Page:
Detecting Error, Learning from Our Mistakes, and the Appellate Asymmetry

18 Pages Posted: 6 Aug 2011  

Larry Laudan

University of Texas School of Law

Date Written: August 5, 2011

Abstract

This paper investigates the epistemic obstacles posed by a legal system that prevents reversal of acquittals. Because such prevention disincentivizes appeals of non-guilty verdicts by prosecutors, false acquittals are virtually impossible to identify. Apart from entailing that such errors cannot be corrected (since they are not detected), this policy has a more egregious consequence; to wit, that appellate courts have little or no opportunity to learn what kinds of flaws lead to false acquittals. Without such knowledge, the courts are in no position to make or to recommend the sorts of changes that would otherwise allow the system to reform itself by learning from its mistakes. Finally, the appellate asymmetry arguably creates a situation in which rulings from lower court judges are much more likely to favor the defendant than the prosecution. All these problems could be resolved if double jeopardy protection were seriously rethought.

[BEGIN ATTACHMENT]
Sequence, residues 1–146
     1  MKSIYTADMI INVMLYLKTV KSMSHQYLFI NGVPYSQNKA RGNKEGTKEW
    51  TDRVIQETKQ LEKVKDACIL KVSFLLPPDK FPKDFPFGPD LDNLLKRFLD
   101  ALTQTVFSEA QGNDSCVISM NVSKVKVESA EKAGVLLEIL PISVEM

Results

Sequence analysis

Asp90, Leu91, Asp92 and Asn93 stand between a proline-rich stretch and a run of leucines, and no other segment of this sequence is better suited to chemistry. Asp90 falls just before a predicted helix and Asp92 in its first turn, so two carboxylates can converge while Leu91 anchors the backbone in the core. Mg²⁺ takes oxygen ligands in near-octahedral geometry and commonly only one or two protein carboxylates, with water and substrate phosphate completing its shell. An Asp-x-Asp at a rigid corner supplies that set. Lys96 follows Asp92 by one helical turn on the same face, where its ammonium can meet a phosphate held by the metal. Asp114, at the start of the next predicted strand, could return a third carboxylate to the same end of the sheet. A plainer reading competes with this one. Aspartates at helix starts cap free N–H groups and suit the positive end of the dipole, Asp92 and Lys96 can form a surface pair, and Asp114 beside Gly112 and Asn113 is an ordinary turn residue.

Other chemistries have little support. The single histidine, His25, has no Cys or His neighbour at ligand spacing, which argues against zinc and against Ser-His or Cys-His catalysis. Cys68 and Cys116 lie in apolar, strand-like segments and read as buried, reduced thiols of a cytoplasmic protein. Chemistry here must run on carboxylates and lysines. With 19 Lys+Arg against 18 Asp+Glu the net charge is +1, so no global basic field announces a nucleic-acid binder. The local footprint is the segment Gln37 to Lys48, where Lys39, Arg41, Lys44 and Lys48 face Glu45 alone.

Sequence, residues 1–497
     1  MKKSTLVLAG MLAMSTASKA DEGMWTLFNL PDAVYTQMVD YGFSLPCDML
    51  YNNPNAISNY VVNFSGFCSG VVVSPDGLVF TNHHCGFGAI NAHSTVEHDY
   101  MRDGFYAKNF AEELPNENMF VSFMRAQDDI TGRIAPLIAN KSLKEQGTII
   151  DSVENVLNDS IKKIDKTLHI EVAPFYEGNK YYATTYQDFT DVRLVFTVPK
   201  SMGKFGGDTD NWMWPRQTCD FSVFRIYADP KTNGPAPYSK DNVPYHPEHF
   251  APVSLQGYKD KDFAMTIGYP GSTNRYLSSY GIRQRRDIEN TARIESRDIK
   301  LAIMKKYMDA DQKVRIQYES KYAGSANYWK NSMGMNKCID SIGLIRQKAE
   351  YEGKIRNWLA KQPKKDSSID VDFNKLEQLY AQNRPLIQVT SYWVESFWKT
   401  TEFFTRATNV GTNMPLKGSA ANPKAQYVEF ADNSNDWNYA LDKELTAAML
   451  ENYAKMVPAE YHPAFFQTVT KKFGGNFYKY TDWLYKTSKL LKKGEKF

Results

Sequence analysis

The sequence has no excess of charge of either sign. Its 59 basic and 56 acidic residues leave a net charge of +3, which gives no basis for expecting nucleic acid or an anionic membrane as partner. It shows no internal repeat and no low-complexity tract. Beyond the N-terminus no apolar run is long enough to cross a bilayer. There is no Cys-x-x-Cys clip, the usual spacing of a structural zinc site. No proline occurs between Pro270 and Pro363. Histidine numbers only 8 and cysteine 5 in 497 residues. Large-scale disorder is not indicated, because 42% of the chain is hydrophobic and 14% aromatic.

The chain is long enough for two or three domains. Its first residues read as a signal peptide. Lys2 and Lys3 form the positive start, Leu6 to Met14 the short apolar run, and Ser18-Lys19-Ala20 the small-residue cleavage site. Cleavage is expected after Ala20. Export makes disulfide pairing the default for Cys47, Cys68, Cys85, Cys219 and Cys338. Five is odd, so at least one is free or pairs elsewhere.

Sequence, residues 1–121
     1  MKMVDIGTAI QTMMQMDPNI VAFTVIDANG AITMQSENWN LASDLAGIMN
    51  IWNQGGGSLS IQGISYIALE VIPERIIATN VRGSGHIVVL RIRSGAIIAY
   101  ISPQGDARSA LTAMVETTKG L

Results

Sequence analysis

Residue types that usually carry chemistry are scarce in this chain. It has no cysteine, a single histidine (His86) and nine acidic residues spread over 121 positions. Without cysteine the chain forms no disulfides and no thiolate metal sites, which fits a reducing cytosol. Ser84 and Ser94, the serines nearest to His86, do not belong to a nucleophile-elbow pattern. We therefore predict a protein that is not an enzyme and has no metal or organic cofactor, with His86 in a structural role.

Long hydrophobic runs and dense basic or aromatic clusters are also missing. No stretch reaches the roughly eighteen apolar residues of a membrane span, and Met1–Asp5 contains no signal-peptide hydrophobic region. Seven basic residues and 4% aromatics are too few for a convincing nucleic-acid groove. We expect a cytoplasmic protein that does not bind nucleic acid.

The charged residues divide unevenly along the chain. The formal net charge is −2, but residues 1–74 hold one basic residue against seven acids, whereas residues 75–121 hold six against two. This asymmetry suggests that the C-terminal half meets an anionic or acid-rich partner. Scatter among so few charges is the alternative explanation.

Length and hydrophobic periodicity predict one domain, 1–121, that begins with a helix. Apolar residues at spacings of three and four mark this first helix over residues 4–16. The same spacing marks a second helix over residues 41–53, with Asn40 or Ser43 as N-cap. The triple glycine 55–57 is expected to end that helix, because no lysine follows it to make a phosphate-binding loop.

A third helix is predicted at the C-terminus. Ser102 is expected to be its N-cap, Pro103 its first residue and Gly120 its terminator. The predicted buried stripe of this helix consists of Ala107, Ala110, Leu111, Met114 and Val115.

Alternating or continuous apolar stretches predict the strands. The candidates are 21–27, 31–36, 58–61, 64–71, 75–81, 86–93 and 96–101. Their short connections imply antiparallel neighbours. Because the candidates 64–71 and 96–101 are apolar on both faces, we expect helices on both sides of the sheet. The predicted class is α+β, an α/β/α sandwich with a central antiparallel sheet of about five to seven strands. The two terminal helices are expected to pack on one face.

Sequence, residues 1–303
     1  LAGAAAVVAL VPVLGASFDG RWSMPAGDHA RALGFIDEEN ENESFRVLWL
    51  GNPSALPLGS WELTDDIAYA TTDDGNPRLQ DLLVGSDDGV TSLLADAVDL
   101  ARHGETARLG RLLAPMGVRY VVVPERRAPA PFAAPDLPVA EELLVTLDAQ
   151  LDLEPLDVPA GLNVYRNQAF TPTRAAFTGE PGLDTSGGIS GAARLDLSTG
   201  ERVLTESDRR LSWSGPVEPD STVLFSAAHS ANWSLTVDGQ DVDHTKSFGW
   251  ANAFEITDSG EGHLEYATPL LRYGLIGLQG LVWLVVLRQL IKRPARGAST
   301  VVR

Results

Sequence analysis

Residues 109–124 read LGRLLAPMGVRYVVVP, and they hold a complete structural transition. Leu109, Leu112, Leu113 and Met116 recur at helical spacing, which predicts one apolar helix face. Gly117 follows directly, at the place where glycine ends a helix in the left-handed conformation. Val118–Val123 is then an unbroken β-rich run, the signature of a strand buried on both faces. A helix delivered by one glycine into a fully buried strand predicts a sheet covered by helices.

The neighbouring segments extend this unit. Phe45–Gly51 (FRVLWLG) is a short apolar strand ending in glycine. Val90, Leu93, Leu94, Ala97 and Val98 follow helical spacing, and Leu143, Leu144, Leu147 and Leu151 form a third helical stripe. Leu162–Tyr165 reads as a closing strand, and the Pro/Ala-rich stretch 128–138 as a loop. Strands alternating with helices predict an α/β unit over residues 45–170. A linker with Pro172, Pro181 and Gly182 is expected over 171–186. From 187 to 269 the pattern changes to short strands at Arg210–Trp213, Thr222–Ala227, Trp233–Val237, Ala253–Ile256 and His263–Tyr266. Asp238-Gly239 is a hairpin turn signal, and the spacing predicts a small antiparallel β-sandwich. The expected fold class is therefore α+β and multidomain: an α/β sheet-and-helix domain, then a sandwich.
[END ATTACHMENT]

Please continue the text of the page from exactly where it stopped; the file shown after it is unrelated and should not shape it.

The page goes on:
Suggested Citation

Laudan, Larry, Detecting Error, Learning from Our Mistakes, and the Appellate Asymmetry (August 5, 2011). U of Texas Law, Public Law Research Paper No. 201. Available at SSRN: https://ssrn.com/abstract=1905635 or http://dx.doi.org/10.2139/ssrn.1905635

Larry Laudan (Contact Author)

University of Texas School of Law ( email )

727 East Dean Keeton Street
Austin, TX 78705
United States

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